How chemical 'clues' in diet can help identify human remains—and climate changes
SFU archaeology professor Mike Richards is studying how the chemical signatures from food and water consumed by humans and animals can provide clues to identifying human remains—and can also shed light on changes in climate.
The newly named Canada Research Chair holder in Archaeological Science has established a lab at SFU to analyze isotopes, which are forms of chemical elements that have been digested and incorporated into body tissues.
“These chemical signatures record the diet, as well as the geographical location and climate when that tissue was formed for humans and animals,” explains Richards.
“All of our body tissues have these isotope records of where we have lived, with our teeth telling us about where we lived as children, and our bones about where we lived as adults. We can also tell what people’s diets were made of over their lifetimes."
The team’s investigations will focus on bones and teeth, which are resilient to decay or decomposition. They are also the most commonly found remains recovered from archaeological sites.
Researchers will use next-generation isotope ‘fingerprinting’ methods to develop isotope sourcing of human and animal remains, and isotope records of past climates recorded in animal bones.
One project will enable his group to work closely with the Vancouver Coroner’s office and the RCMP to resolve a number of open cases where unidentified human remains have been found.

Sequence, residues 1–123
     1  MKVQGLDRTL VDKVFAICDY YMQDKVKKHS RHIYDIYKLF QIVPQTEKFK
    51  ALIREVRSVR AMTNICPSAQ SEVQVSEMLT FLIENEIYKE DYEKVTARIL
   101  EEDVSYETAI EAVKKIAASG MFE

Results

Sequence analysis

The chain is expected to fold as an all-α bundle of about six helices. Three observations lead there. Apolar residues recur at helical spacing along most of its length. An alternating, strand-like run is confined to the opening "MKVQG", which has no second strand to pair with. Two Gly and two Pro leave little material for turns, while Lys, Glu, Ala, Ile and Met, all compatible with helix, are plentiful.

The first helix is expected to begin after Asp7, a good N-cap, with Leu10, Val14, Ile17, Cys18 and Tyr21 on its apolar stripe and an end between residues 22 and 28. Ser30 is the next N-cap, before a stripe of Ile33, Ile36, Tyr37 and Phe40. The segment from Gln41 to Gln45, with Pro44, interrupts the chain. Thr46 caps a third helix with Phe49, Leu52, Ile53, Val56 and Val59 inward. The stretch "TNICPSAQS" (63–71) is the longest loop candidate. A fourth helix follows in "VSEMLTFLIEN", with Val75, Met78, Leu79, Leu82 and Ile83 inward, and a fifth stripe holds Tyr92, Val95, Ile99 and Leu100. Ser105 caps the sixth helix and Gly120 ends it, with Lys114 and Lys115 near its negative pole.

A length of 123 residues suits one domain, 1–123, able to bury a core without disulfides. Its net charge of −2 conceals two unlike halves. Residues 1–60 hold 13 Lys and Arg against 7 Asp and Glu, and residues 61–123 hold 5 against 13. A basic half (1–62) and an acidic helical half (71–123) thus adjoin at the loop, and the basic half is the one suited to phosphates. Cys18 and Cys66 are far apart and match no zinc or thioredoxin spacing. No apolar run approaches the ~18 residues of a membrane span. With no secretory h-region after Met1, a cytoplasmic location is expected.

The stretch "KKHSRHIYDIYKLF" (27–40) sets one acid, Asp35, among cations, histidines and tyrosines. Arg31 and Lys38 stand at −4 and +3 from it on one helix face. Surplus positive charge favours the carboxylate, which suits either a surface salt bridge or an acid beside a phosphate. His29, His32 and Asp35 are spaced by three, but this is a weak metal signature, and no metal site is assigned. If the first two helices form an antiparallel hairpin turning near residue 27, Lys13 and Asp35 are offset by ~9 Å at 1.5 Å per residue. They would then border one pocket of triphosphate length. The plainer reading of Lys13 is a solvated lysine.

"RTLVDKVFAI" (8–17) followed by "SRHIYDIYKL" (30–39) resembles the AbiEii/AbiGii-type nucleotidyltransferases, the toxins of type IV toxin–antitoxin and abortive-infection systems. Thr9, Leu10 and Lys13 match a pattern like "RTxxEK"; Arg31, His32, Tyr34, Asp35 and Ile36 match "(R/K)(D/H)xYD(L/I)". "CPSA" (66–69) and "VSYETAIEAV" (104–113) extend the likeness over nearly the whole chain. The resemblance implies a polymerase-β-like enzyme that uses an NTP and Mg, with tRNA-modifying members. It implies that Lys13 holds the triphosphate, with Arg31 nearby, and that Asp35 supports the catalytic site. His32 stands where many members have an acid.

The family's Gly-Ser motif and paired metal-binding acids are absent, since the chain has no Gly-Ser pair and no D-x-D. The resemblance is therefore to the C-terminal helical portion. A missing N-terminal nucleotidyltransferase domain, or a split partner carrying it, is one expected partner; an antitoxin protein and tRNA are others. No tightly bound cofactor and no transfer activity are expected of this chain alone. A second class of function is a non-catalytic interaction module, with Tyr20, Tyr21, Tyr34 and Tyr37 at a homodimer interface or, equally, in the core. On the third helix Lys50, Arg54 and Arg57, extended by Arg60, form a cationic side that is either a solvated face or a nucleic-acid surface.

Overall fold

Richards recently began collaborating with the coroner’s office in the use of radiocarbon dating and isotope analyses for forensic case work.The work will also set the framework for future collaborations on new human remains discoveries.
Meanwhile, creating an isotope map will also provide B.C.’s ecologists and biologists with a baseline to track animal migration patterns.
A second project will enable a new isotope-based method of understanding climates and climate change, which will be of particular use in areas of Canada where the need to establish past baseline climate values will help to understand how current climates may be different.
Richards has previously used advanced isotope analysis techniques to study the diets and interactions of hunter-gatherer and farming societies of central Europe during the new Stone Age.
He is also known for earlier research focusing on the expansion of modern humans into Eurasia, and the spread of agriculture across Europe and Asia during the Mesolithic and Neolithic periods.
Richards’ experience with isotope analysis in archaeology and related fields spans two decades and has led to more than 200 papers.
After completing doctoral research and a postdoctoral fellowship at Oxford University, he became one of the youngest full professors in archaeology to be appointed in the U.K., with a professorship at the University of Bradford.
In 2004, he was invited to establish an archaeological science group, including five labs, at the newly formed Department of Human Evolution at the Max Planck Institute for Evolutionary Anthropology in Leipzig, Germany. Five years later he moved to UBC, establishing a research group and lab and securing significant SSHRC funding.
Richards was named a 2014 Fellow of the Royal Society of Canada for outstanding scholarly and scientific achievement. Last year, he joined SFU's Department of Archaeology, where he plans to continue pushing the boundaries of paleoanthropology and archaeology.